Local small business owners can capitalize on national trends and buzz.
In a mid-sized midwestern city, a client of mine is rolling out a marketing campaign designed to leverage the “extreme makeover” trend happening on TV. In a must-be-vague nutshell, we’ve identified affluent neighborhoods and set up home makeover contests, complete with awards ceremonies, special events, and charity tie-ins.
You might say we’re opening up the throttle on people’s desire to “keep up with the Jones’s” … and making it OK for people to talk about it boldly and in public.
Buzz be happenin’.
A top-of-mind trend got us in the door. (More on that later…)
A few months ago hurricanes were pounding Florida, and I noticed the most interesting thing. Sitting in my favorite Starbucks in Herndon, Virginia … far, far way from anything resembling a hurricane … I kept overhearing conversations about the hurricanes.
A light-bulb goes off.
Hurricanes = top of mind awareness at that time.
Then, the next question…
How can I and my clients profit from this awareness?
The answer was pretty simple.
Insurance agents, computer consultants, home repair companies, and dozens of other local and small businesses could logically tie their offerings into “being prepared for a disaster.” Response-driven marketing was set in motion. Advertising bought. Radio shows booked. Profits made.
The trend gave us entry into the minds of the market.
When hurricanes and disaster are top-of-mind, your market’s highly-efficient incoming information filters are set to instantly bring anything related to those topics to their attention. Fast.
We can try and fight that fact. Try and push what is already top-of-mind away in favor of our message. Or, we can use the filter already in place like a shoehorn to get our message past the guards and in to your prospect.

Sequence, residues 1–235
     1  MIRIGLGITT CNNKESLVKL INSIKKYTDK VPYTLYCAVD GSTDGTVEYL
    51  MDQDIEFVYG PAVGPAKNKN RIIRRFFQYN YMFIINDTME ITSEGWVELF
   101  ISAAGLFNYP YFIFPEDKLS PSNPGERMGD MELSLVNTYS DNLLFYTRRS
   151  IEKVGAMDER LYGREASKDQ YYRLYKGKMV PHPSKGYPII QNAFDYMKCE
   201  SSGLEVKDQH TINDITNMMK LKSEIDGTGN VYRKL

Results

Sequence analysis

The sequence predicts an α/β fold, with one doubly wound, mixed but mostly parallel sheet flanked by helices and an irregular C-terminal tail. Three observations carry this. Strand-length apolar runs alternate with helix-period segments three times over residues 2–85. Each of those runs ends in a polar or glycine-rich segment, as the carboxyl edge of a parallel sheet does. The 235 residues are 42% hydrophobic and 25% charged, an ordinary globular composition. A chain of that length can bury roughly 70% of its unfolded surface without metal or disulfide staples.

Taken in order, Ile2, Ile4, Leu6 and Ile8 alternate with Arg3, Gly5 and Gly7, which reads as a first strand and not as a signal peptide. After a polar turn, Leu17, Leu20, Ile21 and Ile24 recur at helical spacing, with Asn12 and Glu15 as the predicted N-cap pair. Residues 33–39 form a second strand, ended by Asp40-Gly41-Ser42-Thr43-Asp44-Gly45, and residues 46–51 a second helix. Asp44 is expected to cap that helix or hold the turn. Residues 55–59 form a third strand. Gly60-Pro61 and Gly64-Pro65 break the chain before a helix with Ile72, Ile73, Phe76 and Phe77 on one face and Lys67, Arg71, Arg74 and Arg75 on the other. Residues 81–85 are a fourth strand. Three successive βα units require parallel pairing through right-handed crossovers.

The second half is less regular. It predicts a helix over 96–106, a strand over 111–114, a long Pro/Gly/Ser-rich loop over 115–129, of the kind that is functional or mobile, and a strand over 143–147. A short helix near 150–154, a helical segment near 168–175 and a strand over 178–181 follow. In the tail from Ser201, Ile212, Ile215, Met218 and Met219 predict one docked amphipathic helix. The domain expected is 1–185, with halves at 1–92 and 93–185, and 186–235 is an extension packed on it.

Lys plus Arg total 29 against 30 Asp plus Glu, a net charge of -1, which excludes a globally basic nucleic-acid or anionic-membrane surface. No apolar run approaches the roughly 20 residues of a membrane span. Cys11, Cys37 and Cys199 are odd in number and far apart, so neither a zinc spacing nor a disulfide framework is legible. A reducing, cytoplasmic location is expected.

I dunno about you, but I like making money easy … not hard.
Hot TV shows, ever-present news stories, and more … happening nationally or internationally … can quickly and easily be tied right into local small business promotions … often multiplying their power. For the enterprising reader … these ideas can generate plenty of dough.
(ASIDE: I’ve never worked with a music act. Not sure it’d be my thing even if I decided to. But I can’t help but wondering what offering a free iPod giveaway packed with a local act’s music would do to event attendance numbers? The iPod is sure-as-shoot top-of-mind right now…………..)
What got me thinking about it was a semi-related and very good article … “What’s the Buzz about Buzz Marketing” … available for your reading pleasure over at Wharton. Sadly, I don’t see much written about trend-based marketing.
Here’s an excerpt…
“Put simply, buzz marketing is the practice of gathering volunteers to try products, then sending them out into the world to talk up their experiences with the people they meet in their daily lives. The idea is that the more people see a product being used in public, or the more they hear about it from people they know and trust, the more likely they will be to buy it for themselves. Of course, word-of-mouth has long been the way that many people find their favorite products, or learn about a new favorite movie, book or restaurant. “For years, people recognized the power of word-of-mouth in convincing, influencing, affecting consumer behavior,” says marketing professor Jerry Wind. “It has more credibility than traditional advertising.” But it’s a fairly recent development for companies to try to create a structure around the practice, to harness and direct the way that word-of-mouth spreads — and to attempt to measure its effect on sales once the ‘campaign’ is complete. “Buzzing isn’t really new. The hype about these different kinds of buzz agents is what’s new,” says Kahn.”
Tipped off via Threadwatch.